A couple of months ago a friend came to me and asked about upgrading his machine. With his current rig running a Core2Duo, 3gb of RAM, Windows Vista 32bit, 2 Nvidia 9600GT's and a spinning hard disk. What he wanted was something that would boot quickly, handle his four monitors for stock trading and be an overall better PC. We had some work to do.
With the new Intel Sandy Bridge architecture out I knew that this was the way to go. An Intel i3 2100 @ 3.1Ghz would be more than enough for this build, heck, it might even be overkill. It really was a perfect part though, the price was right and it offered great performance. Gaming is an after thought on this machine, but even if he did want to throw in COD4 the i3 would suit him well.
A new Gigabyte GA-H67Z-UD3H (I love how that just rolls off the tongue) motherboard found it's way into our hands. This board didn't support SLi but we didn't need it. All we needed was a board that would support 2 GPU's to handle the four 24in 1080p monitors that he was using, I'll get to that later on.
30gb of OCZ Vertex Series Sata II SSD goodness handled our boot times with a fresh install of Windows 7 Home Premium 64bit.
With the parts in hand we set of on our little adventure. The person that he bought his PC from didn’t know how to wire it. From the looks of things he probably built it in under five minutes. Wires, cables and unnecessary junk was all over the place. You could easily tell that this was just thrown together on some drunken night. I have never seen something that was this bad. Not only is this bad to look at but the cooling will also suffer. Once I had ripped out all of the old components it was time to do some tidy work. Installing new motherboard standoffs was first in line. It was missing a few of them from the last build. Not only does this put more stress on the board when installing parts it could also lead to shorting out the board. Once the standoffs were installed it was time to get all of the years of dust out. It really is pretty crazy how much dust can accumulate inside of a case. Once the case was throughly cleaned out, we started out installing all of the parts on the work bench. This will make life so much easier when you put the motherboard into the case.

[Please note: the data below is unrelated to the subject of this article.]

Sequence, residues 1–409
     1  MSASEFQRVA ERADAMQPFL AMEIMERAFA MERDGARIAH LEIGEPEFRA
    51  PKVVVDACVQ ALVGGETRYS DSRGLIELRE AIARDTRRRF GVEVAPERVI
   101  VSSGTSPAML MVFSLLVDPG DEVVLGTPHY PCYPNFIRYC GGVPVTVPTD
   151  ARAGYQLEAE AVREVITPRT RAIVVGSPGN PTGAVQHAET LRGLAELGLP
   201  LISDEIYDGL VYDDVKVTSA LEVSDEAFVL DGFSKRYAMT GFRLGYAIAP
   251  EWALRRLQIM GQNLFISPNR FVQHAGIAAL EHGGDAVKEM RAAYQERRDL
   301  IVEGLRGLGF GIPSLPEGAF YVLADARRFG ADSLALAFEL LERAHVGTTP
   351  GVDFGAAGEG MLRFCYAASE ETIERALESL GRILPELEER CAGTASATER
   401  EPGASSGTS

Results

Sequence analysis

What a wreck!!!
With the CPU, RAM and CPU cooler installed on the board it was time to drop it into it’s new home. Once we had the board screwed down to the standoffs we could go on with installing the GPU’s, optical drive. SSD and HDD. With all of those installed we moved on to routing cables along the backside of the motherboard tray. As I have always said “less is more” and it holds true with PC builds. Rout your cables so most of them can’t be seen. This will really clean up the inside of the case and aid in airflow over your heat inducing components. With every part installed it was that magic time to push the button and see if all of our hard work had payed off. You have to love the sound that the motherboard makes on startup. The iconic “Beep” that some of them make was music to my ears.
This is where it gets a bit tricky. Like I said before, this is a stock trading PC, not a gaming PC. So the second GPU was there just to add monitors, nothing else. I could really care less about the performance gain that we would have received with running them in SLi. Once in Windows it recognized both cards but we didn’t enable SLi since the board didn’t support it. The Nvidia driver only shows one card but the second card is outputting video.
Over the years people become accustomed to something and it is hard for them to change. Now having two drives in his PC, Matt had to teach himself to always download items on the second drive. Overall though I would easily recommend a 30gb drive. The only items that your really going to put on there anyways is the OS, browser of choice and a couple other small programs. You’re not going to be installing games on any SSD, your just not going to see that big of an increase in speed.
After the build was done I left him alone for a couple of weeks to see how he liked his new baby. The first part that he noticed was how much “snappier” the machine was with the SSD. Boot up times were in the seconds, not minutes. The 4gb of RAM let him open over 25 tabs in his browser without slowing it down and the machine also ran much quieter thanks to the new Intel stock CPU cooler. This is far from a gaming machine, but it performs right up there with other machines that I have built in the past. It’s almost funny on how much you don’t need when you are not gaming. After 3 months the rig is running perfect, no problems what so ever. If you thought three monitor gaming was fun, try four, it’s really a site to see.